Flooding impacts communities throughout the world as climate change induced extreme weather events increase. With this in mind reducing flood risk is becoming more of a priority for many householders, businesses, insurers and communities in general. Flooding has multiple implications. Flooding can impact on the ability to obtain a mortgage as well as gaining the necessary insurance. Flooding impacts on land and property values, investment and planning decisions, and the nature of property development, refurbishment and protection schemes.
Flooding and the risk of flooding must be reported in an appropriate way at the appropriate time, such as during mortgage valuations and surveys.
There is an increasing emphasis on adaptation to manage the impacts of flooding. Buildings will need to be built that are more resilient to the impact flood scenarios. There will also be a need to carry out repairs on existing housing stock following a flooding incident.
In September 2016, the Department for Environment, Food & Rural Affairs (DEFRA) published The Property Flood Resilience Action Plan, setting out steps that could encourage the wider use of such measures.
The plan sets out several steps to increase property-level resilience, including:
Looking at how Building Regulations can be used to encourage flood-resilient construction and reinstatement;
Considering how re-insurance scheme Flood Re can support and offer incentives for flood resilience.
Creating rigorous independent standards and certification processes for surveyors, and for products and their installation;
Setting up an independent online portal to inform householders and small businesses on flood resilience; and
Establishing a partnership between key stakeholders, including surveyors, to encourage and enable the uptake of resilient measures.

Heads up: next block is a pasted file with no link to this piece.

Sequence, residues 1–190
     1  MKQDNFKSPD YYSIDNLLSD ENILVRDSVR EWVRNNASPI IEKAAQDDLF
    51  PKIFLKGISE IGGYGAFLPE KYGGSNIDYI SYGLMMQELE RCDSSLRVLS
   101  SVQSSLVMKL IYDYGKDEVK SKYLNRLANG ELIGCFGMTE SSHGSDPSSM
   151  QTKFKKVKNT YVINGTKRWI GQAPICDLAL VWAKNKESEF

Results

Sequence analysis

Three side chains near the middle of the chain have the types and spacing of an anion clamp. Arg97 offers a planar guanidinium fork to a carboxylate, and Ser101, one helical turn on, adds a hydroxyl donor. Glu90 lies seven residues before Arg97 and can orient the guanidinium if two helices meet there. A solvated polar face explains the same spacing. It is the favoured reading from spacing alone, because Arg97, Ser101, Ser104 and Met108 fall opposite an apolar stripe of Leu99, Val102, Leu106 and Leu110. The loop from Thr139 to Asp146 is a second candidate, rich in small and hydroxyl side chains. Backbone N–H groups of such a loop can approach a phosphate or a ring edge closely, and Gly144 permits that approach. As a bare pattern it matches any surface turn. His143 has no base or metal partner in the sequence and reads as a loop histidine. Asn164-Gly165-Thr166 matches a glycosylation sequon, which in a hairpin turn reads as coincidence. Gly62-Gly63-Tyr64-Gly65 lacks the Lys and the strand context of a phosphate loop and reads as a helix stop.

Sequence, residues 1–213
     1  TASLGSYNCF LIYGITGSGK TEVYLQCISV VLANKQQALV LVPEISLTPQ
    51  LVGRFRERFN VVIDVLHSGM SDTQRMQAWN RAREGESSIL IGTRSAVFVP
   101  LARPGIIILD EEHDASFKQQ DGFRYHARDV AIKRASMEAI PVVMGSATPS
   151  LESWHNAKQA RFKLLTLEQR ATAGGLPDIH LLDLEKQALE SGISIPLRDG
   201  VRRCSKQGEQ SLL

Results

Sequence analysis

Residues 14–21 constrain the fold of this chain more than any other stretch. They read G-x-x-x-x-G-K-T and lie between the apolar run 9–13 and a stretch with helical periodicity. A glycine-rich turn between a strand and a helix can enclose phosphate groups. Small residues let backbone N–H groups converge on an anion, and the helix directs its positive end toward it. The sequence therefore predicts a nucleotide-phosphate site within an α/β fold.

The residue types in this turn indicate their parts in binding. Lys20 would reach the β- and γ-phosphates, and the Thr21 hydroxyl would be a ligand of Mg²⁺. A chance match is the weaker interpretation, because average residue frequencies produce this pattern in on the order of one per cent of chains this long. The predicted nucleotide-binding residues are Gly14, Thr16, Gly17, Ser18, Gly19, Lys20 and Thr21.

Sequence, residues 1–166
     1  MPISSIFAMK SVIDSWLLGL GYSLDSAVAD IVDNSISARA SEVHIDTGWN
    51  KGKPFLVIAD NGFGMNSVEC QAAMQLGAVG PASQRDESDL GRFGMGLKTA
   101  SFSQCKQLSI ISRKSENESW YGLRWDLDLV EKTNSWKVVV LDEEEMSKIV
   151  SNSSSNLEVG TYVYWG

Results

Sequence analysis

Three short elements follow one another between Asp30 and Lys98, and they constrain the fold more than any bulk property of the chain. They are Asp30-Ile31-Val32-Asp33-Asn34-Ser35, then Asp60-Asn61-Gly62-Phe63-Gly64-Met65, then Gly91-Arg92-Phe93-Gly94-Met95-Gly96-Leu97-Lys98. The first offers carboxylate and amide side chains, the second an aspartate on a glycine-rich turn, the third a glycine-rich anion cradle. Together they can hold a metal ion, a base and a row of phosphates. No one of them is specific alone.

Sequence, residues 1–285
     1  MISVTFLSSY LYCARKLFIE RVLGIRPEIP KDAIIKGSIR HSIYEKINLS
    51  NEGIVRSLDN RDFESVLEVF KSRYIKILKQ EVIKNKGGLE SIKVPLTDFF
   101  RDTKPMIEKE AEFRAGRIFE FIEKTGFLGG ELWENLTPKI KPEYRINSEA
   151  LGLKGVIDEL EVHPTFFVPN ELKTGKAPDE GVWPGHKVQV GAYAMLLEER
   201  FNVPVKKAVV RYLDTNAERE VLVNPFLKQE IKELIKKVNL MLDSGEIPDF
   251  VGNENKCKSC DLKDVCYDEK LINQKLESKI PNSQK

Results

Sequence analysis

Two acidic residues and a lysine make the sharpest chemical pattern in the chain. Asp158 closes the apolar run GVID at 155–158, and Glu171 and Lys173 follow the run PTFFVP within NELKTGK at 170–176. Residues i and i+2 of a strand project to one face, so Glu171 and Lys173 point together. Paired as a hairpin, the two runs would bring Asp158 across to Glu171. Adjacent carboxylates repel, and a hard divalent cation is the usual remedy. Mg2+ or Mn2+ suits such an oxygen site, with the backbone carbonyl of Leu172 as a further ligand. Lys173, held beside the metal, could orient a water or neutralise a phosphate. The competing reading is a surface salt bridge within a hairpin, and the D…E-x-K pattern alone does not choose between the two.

Understanding types of flooding and how they can combine to affect a property. Chartered surveyors are centrally placed to advise on a number of key areas:
How to interpret the flood risk survey
Understanding of building pathology and building defects so the effectiveness of resilient repair methods can be assessed
Identify the costs and benefit of different approaches to resilience
Knowledge of the different approaches to resilience and the products available
Ensure that the installation of resilient measures meets the required standards.
There are 3 stages to the process for the occupier who wants to install resilient measures:
1. Flood risk survey: to understand the risk at the property;
2. Building survey and advice: to recommend appropriate flood-resilient measures; and
3. Installation: resilient measures are fitted to the correct standard.
The 3 stages outlined above require specific skills and knowledge and the ability to evaluate how they are interrelated. A standard flood risk survey will identify the types of flooding to which the building is vulnerable, the risk of flooding and the likely depth. This information is used to consider the construction of the building and whether keeping water out is practical or structurally prudent.